26 Sep 2022 4 min read

If the cap fits…


We take stock of the new government's plans for support for British households' energy bills this winter – and what they could mean for the markets

If the cap fits.jpg

After the summer’s long contest for leadership of the Conservative party, new British Prime Minister Liz Truss has at last filled the policy vacuum with a major announcement on how her government proposes to tackle the cost of living crisis.


The package

On September 8 Truss announced an Energy Price Guarantee (EPG), intended to cap annual energy bills for the average household at £2,500. Kicking in on October 22, the limit is planned to last for two years, with the government forecasting a saving of £1,000 per annum for the average household in this period.

Meanwhile, businesses and public sector organisations will see ‘equivalent support’ for six months. When this is wound up, the government will then focus its support vulnerable industries such as hospitality.


What are the policy’s implications?

The EPG’s most significant effect will be on inflation.

In a scenario where average annual energy bills reach £6000, we forecast inflation rising as high as 15%.

In contrast, with the EPG in place we now think CPI is close to peaking at just over 10% for a month or two before gradually declining to around 3% by the end of 2023, as we can see below:


UK CPI scenarios.png

Along with stronger growth in the near term, we think this should be enough to keep the Bank of England in hiking mode. We see the Bank’s base rate reaching 4% by early 2023.

At the same time, households’ lower energy costs will allow them to divert their spending to consumption, saving and investment, which should in turn boost GDP.

Our forecast already factored in c. £40 billion of fiscal support; we anticipate the additional package to lift the UK’s GDP from a near-term recession of around 1% to a steady state until the global economic cycle turns.

Why does growth remain weak? Some of the damage from tighter credit conditions and higher interest rates is already done and will continue to feed into the economy. The UK also faces global headwinds: we expect a slowing of the US economy from mid to late this year.


A model for Europe?

There is little getting around the fact that most economies in Europe face a very challenging winter.

We created the below table to illustrate some of the trade-offs facing the continent’s policymakers, representing the likely outcomes in three scenarios: leaving everything to the market, subsidies for consumers and business, and more targeted support.


Energy policy scenarios.png

If Europe adopts a similar policy to the UK (depicted in column two in our  table), we would expect its growth to also improve. However, if many countries adopt this approach, there is increased risk of a bidding war for scarce energy and commodities increases, along with blackouts or rationing becoming more likely.

However, we cannot pretend there were no alternative policy paths that could have had materially different impacts on key macroeconomic variables.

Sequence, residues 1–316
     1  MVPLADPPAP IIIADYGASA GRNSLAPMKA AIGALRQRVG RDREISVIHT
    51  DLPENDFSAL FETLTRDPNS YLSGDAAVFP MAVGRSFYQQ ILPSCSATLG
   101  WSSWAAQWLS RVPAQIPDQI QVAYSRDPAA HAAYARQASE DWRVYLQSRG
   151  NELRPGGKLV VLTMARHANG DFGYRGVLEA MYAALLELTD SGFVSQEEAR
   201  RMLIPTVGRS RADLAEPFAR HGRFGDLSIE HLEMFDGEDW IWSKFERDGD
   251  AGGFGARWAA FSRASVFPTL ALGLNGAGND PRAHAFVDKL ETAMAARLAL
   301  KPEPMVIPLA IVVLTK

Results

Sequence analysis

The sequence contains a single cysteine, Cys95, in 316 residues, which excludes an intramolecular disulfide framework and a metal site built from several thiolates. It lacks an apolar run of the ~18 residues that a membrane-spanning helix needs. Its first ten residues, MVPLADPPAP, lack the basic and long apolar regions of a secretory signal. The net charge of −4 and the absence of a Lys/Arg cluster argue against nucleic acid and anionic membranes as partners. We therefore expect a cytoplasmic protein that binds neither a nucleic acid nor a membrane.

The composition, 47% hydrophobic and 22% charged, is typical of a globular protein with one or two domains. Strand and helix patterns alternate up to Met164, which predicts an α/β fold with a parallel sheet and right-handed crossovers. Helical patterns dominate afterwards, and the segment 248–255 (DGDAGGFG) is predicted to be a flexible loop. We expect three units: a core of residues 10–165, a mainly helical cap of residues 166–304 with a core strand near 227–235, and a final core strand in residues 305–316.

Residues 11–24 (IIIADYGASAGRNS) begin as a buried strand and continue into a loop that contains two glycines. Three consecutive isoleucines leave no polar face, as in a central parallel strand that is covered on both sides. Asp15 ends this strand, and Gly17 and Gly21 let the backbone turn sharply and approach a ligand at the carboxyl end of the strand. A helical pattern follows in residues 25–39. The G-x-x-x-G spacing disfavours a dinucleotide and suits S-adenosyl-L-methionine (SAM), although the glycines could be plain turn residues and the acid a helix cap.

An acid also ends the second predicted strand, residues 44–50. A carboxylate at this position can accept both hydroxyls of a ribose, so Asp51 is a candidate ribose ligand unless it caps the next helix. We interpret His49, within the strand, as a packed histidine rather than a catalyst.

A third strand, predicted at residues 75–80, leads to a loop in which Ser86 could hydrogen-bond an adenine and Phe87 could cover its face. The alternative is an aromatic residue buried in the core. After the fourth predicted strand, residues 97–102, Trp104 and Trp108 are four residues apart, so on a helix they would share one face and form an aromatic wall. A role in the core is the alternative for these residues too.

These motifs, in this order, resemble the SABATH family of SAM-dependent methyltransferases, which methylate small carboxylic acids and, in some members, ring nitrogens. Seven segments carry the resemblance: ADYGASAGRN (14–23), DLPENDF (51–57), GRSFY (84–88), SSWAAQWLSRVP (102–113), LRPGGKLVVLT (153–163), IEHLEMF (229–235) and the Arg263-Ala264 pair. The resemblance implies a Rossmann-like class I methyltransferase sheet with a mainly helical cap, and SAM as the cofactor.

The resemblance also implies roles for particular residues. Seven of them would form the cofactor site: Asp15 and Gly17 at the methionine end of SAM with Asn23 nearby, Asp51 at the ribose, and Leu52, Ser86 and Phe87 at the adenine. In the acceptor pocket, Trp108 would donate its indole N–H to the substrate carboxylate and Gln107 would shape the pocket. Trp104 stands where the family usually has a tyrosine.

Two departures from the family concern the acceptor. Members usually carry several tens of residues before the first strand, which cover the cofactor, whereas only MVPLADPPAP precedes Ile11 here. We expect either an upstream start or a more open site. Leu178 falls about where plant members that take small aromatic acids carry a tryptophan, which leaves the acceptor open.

Our modelling suggests allowing market forces to prevail – i.e. no support from the government at all – would have caused higher inflation in the near term, as well as a large negative effect on GDP. Represented in the first column of the above table, this scenario would have posed an acute policy dilemma for the Bank of England.

Alternatively, targeted handouts for the lower-income households most exposed to the energy crisis would also have been inflationary, given these households generally have the highest propensity to consume. Their increased purchasing power would have kept medium-term inflation higher too, thus requiring an even more aggressive tightening of monetary policy.

The middle path chosen by the government tempers both inflation and recession risks in the near term, but it comes with a cost: it’s the most borrowing-intensive choice.  


Paying the bill

The minimum cost of the EPG’s household portion alone will be £50-60bn (amounting to 2½-3% of GDP. If the wholesale gas price moves up, it could cost considerably more.

Overall, the programme is likely to cost more than £100bn. Since the government has stated there will be no further windfall tax on energy companies after then-chancellor Rishi Sunak’s £5bn wedge in May, this means a considerable amount of borrowing.

However, the market reaction to the announcement was muted, with the consensus having for some time been that some form of support package was all but inevitable. Consequently, gilts barely reacted to the news – but UK sovereign debt is now linked wholesale gas prices in ways never before seen.

This has three consequences:

  1. We see this as a transfer of inflation risk from the private to the public sector.
  2. Given the UK is the developed market with the most inflation-linked debt, ‘Inflating away the debt’ is becoming increasingly difficult
  3. The extra borrowing will keep the current account firmly in deficit and add downward pressure on an already weak sterling.


LGIM contributors